Guest speaker : Jean-François Blanchette
Jean-François Blanchette is an Associate Professor in the Department of Information Studies at UCLA. He is the co-Director of “On The Record All the Time”, a research project that seeks to connects together law enforcement and information professionals so as to identify the emergent core-skills needs of those who will be working with evidentiary recordings over the long term. He is the author of Burdens of Proof: Cryptographic Culture and Evidence Law in the Age of Electronic Documents (MIT Press, 2012) and co-editor of Regulating the Cloud: Policy for Computing Infrastructure (MIT Press, 2015).
We are currently witnessing the explosive growth of audiovisual evidence generated by widespread deployment of bodycams in law enforcement. As public officials struggle to define policies that can ensure bodycams fulfill their promise for greater police accountability, the status of bodycam footage as document has been a central concern. In particular, archival institutions are arguing that footage be classified as public record, to ensure broad access, while civil rights organizations are arguing that LEOs be given limited control over the creation and review of the record. In this presentation, I use recent work in document theory to analyse BWC footage as material traces, texts, and media and illustrate the changing conditions of document production, circulation, and preservation induced by information technologies. Such an analysis demonstrates the urgent need for interdisciplinary collaboration between information and law enforcement professionals to craft effective policies.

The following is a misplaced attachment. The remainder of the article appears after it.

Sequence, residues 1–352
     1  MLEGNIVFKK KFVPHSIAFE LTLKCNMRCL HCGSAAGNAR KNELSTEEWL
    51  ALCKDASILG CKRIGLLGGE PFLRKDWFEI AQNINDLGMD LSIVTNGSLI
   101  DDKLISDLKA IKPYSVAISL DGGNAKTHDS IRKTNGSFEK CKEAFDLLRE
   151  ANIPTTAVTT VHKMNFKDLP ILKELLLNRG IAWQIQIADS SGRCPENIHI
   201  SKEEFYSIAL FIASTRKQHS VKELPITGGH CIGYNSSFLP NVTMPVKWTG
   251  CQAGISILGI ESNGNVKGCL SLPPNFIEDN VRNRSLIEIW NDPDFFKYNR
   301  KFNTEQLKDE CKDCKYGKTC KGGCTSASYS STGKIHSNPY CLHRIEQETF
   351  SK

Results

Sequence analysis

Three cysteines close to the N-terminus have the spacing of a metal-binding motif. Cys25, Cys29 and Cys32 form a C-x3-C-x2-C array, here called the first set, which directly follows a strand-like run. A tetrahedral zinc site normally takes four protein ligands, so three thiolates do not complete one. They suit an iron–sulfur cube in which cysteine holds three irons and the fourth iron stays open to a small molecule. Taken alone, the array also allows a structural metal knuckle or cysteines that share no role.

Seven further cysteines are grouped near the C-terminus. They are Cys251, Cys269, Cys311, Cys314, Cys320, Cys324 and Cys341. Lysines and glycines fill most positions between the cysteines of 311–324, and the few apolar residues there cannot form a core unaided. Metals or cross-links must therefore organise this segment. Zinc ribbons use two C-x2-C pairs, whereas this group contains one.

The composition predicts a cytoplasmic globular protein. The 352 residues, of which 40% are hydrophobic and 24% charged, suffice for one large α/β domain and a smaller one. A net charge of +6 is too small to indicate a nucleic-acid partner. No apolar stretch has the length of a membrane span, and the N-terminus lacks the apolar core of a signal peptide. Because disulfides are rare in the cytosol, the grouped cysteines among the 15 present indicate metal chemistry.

Conférence présentée par le Centre international de criminologie comparée